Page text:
Putin's "Peace Plan": Surrender or Die

Putin's recent "peace plan" proposal strongly conveys an ultimatum to Ukraine: surrender or face destruction, researcher Oleksandr Moskalenko analyzes

by Sededin Dedovic
Putin's "Peace Plan": Surrender or Die
© Black Journals / Youtube channel

Russia may have abandoned the transparent, comically operatic simplicity of Lavrov's language from 2022, but the message today remains the same. On June 14, Putin made another wish list, which he called a "peace offer." Those familiar with Russian officials will appreciate this latest detachment from reality, especially the demand that Ukraine cede more territory to the occupier, despite having received over $160 billion in foreign war aid and rejuvenating its conscription system to recruit more soldiers, says Oleksandr Moskalenko, a respected researcher focused on political and security interactions within the EU-Ukraine-Russia triangle, in an analysis for Cepa.org.

The Kremlin’s peace offers follow a certain pattern—the more the Ukrainian armed forces are equipped with Western weapons and the greater the geographical area on which they can deploy them (now including parts of western Russia), the more there is talk of peace.

: Ukrainian recruits and their British Armed Forces trainers pose for a photograph on an AS90 self-propelled artillery system at© Leon Neal / Getty Images

The arms supplies are still insufficient to force a serious peace offer from the Russian regime, but the trend reveals what has become evident—there is no path to ending hostilities except through armed force.

Once there is a balance of military capacities, making further Russian aggression too painful to endure, the Kremlin will capitulate. Putin's Russia understands only power, above all military power. Putin’s words, however, show what he wants from Ukraine.

Although this time his wish list is limited to four Ukrainian regions plus Crimea, no one should be deceived. The additional unspoken demand is that Ukraine cease to function as an independent state. This could begin with a ceasefire along the current front line, but the war would not end there.

Later, Putin would come back for more. His proclamation raises two questions that require deeper analysis: To whom was Putin speaking when he made this offer?. What is he offering in return for his wish list being fulfilled? By calling President Zelensky illegitimate, Putin answers the first question himself.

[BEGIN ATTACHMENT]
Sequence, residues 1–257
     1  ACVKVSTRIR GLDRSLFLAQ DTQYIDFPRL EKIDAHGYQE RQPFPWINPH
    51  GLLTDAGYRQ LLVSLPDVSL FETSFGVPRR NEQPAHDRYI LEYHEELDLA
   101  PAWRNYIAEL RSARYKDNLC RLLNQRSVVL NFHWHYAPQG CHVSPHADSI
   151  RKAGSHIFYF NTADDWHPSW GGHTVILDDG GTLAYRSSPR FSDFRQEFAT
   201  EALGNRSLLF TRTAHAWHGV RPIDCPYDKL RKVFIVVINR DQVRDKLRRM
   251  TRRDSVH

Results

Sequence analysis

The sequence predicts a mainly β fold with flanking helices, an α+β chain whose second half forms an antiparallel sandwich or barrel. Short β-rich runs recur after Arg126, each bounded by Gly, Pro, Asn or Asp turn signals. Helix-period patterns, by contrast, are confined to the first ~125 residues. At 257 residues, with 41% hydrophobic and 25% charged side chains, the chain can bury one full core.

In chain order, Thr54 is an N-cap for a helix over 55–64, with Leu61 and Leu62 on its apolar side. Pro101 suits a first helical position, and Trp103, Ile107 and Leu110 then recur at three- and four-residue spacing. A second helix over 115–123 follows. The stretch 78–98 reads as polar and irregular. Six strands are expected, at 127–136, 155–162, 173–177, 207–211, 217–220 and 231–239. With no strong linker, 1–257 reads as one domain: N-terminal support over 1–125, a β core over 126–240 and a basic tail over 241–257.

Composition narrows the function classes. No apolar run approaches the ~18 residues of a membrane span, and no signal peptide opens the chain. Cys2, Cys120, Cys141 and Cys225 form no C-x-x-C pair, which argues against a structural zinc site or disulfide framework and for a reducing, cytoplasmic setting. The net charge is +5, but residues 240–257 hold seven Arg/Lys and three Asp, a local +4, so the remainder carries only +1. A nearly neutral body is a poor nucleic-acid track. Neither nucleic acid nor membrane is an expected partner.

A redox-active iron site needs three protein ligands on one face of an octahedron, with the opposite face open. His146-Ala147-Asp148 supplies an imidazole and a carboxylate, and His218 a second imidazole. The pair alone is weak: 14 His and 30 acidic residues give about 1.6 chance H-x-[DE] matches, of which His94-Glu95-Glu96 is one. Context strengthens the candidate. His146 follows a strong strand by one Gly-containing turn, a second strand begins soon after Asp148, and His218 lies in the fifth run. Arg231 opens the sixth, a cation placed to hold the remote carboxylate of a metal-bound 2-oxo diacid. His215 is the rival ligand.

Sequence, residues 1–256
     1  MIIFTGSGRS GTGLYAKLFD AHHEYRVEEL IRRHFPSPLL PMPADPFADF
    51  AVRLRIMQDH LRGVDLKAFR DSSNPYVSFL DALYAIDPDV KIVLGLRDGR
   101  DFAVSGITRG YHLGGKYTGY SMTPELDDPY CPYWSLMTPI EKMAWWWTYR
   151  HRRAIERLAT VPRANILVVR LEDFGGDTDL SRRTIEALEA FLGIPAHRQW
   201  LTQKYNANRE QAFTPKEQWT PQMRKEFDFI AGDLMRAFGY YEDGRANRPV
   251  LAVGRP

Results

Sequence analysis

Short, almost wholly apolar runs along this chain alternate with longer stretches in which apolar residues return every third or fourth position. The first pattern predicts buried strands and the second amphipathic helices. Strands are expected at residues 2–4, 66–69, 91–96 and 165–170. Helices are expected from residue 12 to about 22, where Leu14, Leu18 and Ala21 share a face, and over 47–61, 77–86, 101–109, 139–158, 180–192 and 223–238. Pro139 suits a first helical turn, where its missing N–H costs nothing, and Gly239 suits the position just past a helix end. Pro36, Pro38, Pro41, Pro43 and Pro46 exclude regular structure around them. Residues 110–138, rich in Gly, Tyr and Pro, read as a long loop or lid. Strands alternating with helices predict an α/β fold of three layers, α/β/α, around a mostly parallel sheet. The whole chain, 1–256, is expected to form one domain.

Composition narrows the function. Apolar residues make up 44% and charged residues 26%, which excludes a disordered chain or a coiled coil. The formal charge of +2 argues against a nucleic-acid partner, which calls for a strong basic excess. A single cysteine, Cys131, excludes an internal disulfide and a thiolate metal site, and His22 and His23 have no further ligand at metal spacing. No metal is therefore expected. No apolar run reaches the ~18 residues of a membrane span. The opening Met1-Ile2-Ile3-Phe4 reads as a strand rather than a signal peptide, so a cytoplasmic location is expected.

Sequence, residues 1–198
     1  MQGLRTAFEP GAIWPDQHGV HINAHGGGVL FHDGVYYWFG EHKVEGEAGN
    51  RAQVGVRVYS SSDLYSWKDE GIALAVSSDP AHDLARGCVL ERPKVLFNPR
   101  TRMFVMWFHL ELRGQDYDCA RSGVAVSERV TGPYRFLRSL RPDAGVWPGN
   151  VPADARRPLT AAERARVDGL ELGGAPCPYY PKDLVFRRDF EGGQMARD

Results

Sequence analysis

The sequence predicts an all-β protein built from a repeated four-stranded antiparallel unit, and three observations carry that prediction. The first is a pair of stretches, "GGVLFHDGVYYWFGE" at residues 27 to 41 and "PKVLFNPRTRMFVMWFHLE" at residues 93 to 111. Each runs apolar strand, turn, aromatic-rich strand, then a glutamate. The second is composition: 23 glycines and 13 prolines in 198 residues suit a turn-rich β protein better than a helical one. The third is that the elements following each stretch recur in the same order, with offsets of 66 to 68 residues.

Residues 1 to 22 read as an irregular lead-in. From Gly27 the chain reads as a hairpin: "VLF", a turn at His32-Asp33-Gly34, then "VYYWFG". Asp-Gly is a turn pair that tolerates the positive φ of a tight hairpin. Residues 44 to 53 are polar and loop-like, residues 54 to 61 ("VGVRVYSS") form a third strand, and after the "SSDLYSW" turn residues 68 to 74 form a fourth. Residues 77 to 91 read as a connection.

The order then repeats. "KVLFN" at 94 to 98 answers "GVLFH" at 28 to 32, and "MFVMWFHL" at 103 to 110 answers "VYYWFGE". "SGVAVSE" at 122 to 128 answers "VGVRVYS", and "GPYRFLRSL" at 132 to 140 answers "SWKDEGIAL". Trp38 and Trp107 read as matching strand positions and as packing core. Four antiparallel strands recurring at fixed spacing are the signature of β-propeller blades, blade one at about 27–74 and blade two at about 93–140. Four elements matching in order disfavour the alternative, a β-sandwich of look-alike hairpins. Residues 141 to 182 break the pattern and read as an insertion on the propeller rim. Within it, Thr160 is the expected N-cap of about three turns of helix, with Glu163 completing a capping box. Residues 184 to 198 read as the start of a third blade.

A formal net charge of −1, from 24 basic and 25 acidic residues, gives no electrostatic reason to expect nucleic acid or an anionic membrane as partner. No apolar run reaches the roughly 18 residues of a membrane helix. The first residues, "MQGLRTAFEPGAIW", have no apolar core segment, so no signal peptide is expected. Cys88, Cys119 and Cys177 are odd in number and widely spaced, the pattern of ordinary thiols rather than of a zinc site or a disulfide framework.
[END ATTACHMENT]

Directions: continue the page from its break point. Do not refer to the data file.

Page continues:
He is not talking to Ukraine. His message is directed at the broader world—the so-called collective West.

German Chancellor Olaf Scholz (centre, L) and Canadian Prime Minister Justin Trudeau (centre, R) listen to Ukraine President Vol© Handout / Getty Images

The Russian leader imagines himself as a second Stalin, organizing virtual Yalta-type negotiations with the contemporary political heirs of Churchill and Roosevelt.

The answer to the second question is truly fascinating—he offers nothing. Putin's offer contains no concessions. Therefore, it is not a peace offer or any attempt at negotiation; it is merely an ultimatum. Give up what I demand, or the aggression will continue.

But perhaps Putin’s offer implies a final acknowledgment of Ukrainian statehood within new borders? No. From the years following his 2014 decision to start armed aggression against Ukraine to his rambling quasi-historical writings that hinted at an all-out invasion to his late 2021 demands that NATO withdraw from its eastern members, and only when his demands in June called for Ukraine's surrender, Putin has maintained a maximalist agenda.

Even if he offered something softer (as some suggested during the so-called Istanbul negotiations in 2022), he simply cannot be trusted to follow through. Putin is a pathological liar, which essentially means he lies every time he opens his mouth.

Vladimir Putin, President of Russia looks on during the Opening Ceremony of the Beijing 2022 Winter Olympics at the Beijing Nati© Matthew Stockman / Getty Images

Is there any hope that he will ever change? There has been no sign of it during his nearly 25 years in power.

We must accept the reality—that this war is a Russian attack on the collective West orchestrated by the Kremlin. Russia has sought the restoration of the sphere of influence established at Yalta and Potsdam in 1945. But Russia is not the Soviet Union.

It turns out that the myth of Putin building the "second army of the world" is illusory. His forces were so bloodied in 2022 that they became little more than scattered bands of marauders capable of killing civilians but unable to break Ukrainian non-professional territorial defense units.

Even 29 months after the start of full-scale hostilities, Putin's forces do not hold any major Ukrainian city. All this against the backdrop of astronomical casualties both in troops and military equipment. How has this affected Kremlin talks about negotiations? Not at all.

With a poker face, Putin and his accomplices continue to talk about their demands while remaining completely silent about what they plan to offer in return. It is possible that at some point Ukraine and its Western supporters might move toward negotiations.

But as they consider the numerous statements of the Russian regime about "peace plans," they know that these are nothing more than "information special operations." The old man in the Kremlin does not know the right words to end the slaughter.